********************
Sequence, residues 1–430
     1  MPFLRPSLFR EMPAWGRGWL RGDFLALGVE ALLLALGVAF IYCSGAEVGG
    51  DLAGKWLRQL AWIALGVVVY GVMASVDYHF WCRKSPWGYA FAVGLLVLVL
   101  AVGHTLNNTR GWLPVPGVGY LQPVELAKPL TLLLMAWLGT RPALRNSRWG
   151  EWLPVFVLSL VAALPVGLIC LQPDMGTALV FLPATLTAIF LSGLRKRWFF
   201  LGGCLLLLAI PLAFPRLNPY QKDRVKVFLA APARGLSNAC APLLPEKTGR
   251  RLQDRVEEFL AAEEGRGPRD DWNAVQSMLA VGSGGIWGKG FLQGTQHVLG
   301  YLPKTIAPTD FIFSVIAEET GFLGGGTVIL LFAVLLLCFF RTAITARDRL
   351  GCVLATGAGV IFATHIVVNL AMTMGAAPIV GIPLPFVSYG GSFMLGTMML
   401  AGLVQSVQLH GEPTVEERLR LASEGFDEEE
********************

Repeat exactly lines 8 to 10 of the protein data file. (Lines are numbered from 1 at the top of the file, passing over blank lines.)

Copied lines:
   301  YLPKTIAPTD FIFSVIAEET GFLGGGTVIL LFAVLLLCFF RTAITARDRL
   351  GCVLATGAGV IFATHIVVNL AMTMGAAPIV GIPLPFVSYG GSFMLGTMML
   401  AGLVQSVQLH GEPTVEERLR LASEGFDEEE